Louis Joseph Pfarr Sr., 77, highway survey team chief...

Deaths Elsewhere

March 01, 2002

Louis Joseph Pfarr Sr., 77, highway survey team chief

Louis Joseph Pfarr Sr., a former state highways survey team chief and founder of L&M Construction and Engineering Services in White Marsh, died Sunday of cardiac arrest at Franklin Square Hospital Center. He was 77 and lived in White Marsh.

The East Baltimore native was a 1941 graduate of City College, where he had played left tackle in football on a school team that went undefeated.

He briefly worked at Crown Cork & Seal before enlisting in the Marine Corps in 1943. He served in the Pacific Theater and was awarded decorations including the Purple Heart.

After operating a painting business for several years, he joined the former State Roads Commission in 1949 as a surveyor. He spent most of his 46-year career as a survey party chief assigned to District 5 in Anne Arundel County. He retired in 1995.

In addition to his work with the state, he established L&M Construction and Engineering Services, a surveying business he operated on weekends. He closed it at his retirement.

A gourmet cook, he enjoyed presiding over an annual pork roast party for family and friends at his home. He also was an avid horse racing and football fan.

Services were held Wednesday.

Mr. Pfarr is survived by his wife of 56 years, the former Marie C. Morrocco; two sons, Louis J. Pfarr Jr. of White Marsh and Michael Pfarr of Finksburg; a daughter, Nancy Thompson of Forest Hill; and two grandchildren.

Lena Clayton, 100, active in church, domestic worker

Lena Clayton, a centenarian who did domestic work most of her life, died Tuesday at Bon Secours Hospital of circulatory disease.

For more than 82 years, she was a member of Fulton Baptist Church at 1630 W. North Ave., participating in its gospel choir, usher board, flower circle and other ministries. The Mondawmin resident was the church's oldest member. Her 100th birthday was in September.

One of 11 children, Miss Clayton was born in Lancaster County, Va., and attended grammar school in Nuttsville, Va. She followed several of her siblings to Baltimore in 1918 in hopes of finding employment. She joined the church shortly thereafter.

"We all grew up in that same church," said her niece, Mary E. Gaskins of Baltimore.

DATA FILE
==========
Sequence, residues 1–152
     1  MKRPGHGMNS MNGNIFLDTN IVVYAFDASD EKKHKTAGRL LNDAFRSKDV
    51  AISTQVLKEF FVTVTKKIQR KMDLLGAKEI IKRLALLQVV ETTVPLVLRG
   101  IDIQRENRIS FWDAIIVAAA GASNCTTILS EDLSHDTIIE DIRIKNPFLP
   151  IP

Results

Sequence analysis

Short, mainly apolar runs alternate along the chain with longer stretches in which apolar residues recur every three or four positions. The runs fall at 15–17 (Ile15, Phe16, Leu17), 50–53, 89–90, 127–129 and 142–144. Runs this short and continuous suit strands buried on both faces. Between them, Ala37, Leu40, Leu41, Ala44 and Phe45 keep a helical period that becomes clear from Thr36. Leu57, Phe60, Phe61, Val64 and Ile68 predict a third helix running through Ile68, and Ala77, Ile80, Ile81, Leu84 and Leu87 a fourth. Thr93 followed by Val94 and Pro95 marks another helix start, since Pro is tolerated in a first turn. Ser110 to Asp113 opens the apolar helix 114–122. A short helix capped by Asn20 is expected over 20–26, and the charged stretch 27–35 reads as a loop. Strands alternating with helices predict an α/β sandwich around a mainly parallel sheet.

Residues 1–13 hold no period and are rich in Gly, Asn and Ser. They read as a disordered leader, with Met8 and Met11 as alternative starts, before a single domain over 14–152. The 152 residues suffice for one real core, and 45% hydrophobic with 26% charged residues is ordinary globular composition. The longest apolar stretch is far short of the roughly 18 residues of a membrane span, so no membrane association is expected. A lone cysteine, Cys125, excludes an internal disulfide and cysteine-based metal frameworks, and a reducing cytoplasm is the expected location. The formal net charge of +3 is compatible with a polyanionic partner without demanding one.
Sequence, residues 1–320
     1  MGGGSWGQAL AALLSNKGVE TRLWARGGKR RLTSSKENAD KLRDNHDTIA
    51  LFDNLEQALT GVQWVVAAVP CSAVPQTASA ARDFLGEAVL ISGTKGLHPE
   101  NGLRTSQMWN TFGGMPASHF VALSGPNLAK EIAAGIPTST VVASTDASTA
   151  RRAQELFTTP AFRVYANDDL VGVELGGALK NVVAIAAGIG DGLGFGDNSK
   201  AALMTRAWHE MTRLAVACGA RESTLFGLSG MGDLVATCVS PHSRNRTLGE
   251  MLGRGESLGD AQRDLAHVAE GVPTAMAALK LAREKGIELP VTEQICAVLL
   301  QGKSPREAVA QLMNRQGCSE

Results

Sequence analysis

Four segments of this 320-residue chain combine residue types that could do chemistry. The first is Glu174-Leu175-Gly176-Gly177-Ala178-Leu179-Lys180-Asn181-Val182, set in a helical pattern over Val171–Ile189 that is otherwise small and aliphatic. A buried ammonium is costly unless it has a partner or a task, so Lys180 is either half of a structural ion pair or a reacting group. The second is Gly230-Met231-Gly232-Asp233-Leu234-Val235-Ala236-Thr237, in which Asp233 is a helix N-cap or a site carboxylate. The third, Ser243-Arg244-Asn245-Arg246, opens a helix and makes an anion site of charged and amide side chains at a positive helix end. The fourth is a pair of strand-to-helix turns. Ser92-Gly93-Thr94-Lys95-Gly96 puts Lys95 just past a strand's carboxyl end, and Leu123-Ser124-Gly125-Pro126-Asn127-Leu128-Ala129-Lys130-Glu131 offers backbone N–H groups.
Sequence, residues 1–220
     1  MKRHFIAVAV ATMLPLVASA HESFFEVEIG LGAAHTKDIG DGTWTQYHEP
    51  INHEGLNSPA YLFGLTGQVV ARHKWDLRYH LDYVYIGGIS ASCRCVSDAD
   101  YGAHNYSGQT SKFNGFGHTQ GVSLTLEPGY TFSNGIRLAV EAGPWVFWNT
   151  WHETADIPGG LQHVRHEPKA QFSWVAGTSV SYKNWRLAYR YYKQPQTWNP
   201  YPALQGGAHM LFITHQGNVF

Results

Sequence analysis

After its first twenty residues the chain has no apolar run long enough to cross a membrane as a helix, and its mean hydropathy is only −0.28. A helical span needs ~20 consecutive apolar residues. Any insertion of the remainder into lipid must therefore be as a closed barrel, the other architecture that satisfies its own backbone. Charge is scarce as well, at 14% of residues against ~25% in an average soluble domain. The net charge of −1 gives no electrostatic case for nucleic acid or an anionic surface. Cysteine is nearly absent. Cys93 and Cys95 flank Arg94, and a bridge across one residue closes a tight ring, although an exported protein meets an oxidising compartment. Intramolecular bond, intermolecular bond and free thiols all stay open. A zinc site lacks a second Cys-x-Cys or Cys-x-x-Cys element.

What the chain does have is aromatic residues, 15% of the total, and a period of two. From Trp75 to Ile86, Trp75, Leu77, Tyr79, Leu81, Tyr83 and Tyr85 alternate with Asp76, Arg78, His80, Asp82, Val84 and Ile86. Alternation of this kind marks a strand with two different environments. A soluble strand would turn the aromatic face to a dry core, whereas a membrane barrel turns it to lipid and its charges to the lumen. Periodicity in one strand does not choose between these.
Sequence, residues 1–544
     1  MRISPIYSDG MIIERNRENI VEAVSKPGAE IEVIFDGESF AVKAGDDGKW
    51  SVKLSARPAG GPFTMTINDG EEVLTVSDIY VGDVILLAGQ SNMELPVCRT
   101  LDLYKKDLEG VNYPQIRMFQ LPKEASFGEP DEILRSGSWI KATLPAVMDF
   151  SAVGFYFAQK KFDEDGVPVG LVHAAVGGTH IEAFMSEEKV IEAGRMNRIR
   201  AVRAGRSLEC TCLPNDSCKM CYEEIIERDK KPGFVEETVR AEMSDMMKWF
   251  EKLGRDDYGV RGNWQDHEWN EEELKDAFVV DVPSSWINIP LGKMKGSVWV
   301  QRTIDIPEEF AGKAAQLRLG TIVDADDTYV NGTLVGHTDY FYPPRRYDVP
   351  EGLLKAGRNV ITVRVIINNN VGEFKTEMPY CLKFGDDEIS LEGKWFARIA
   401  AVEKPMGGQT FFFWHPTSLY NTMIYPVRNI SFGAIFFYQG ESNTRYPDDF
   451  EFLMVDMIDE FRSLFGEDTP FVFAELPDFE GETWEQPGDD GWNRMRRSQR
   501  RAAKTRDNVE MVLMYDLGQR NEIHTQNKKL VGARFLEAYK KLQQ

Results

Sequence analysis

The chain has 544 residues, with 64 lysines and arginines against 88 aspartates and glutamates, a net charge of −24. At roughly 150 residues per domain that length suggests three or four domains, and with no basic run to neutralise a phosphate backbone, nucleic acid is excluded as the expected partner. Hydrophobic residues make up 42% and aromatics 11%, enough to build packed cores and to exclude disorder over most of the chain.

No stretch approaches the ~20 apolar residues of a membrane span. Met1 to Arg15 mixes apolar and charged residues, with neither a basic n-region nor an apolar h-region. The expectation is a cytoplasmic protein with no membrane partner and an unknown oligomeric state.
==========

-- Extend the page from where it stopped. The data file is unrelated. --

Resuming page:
Miss Clayton took great pride in her work and did her own housekeeping and cooking until last year, her niece said. "She had a full life, and she really enjoyed that life and all the people in it," she said.

Services will be held at 11:30 a.m. Monday at Fulton Baptist.

In addition to her niece, she is survived by a sister, Virginia Smith of Baltimore; six grandnieces; and many other relatives.

Bernard Lehder, 80, official at medical school

Bernard Lehder, a retired career Air Force officer and former director of human resources for the Johns Hopkins University Medical School, died of a heart attack Tuesday at his home in Chesapeake, Va. He was 80.

The former Randallstown resident, who had lived in Chesapeake since his retirement in 1988, was born and raised in the boroughs of New York.

His studies at City College in New York City were interrupted by World War II. Enlisting in the Army Air Corps in 1942, he served in the Pacific as a navigator-bombardier aboard B-24s and attained the rank of sergeant.

Returning to his studies, he earned his bachelor's degree in labor relations from Syracuse University in 1947, then his master's degree in guidance counseling from Troy State University.

In 1950, he was recalled to active duty with the Air Force and served in intelligence during the Korean conflict. He later served in a similar capacity during the Vietnam War, and was discharged with the rank of lieutenant colonel in 1970.

Before joining Johns Hopkins in 1979, he was personnel and industrial relations manager for Ilco/Unican Security Systems in Selma, Ala., and later in Rocky Mount, N.C.

Services will be held at 11 a.m. today at Foster Funeral Home in Portsmouth, Va.

Survivors include his wife of 30 years, the former Blanche Kwiatkowski; a daughter, Mary Lehder Jackson of Isle of Palms, S.C.; a stepson, Robert Moore of Charlotte, N.C.; three stepdaughters, Charlene Knowles of Chesapeake, Virginia Walter of Manassas, Va., and Sharon Williams of Palatka, Fla.; and 13 grandchildren. His marriage to the former Helen Sommerfield ended in divorce.

Elsewhere

Gordon Matthews, 65, the inventor of voice mail, died Saturday in Austin, Texas, from complications of a stroke. Mr. Matthews, who held more than 35 patents, conceived the technology known as voice mail in the late 1970s and patented it in 1982. The success of his "Voice Message Exchange" gave birth to an industry.

Yun Tau Chee, 78, the first Miss Hawaii and first Asian contestant in the Miss America pageant, died of cancer Feb. 21 in Honolulu.

As Yun Tau Zane, she won the Miss Hawaii title in 1948. She and the representative from Puerto Rico were the first non-Caucasians to participate in the Miss America pageant.

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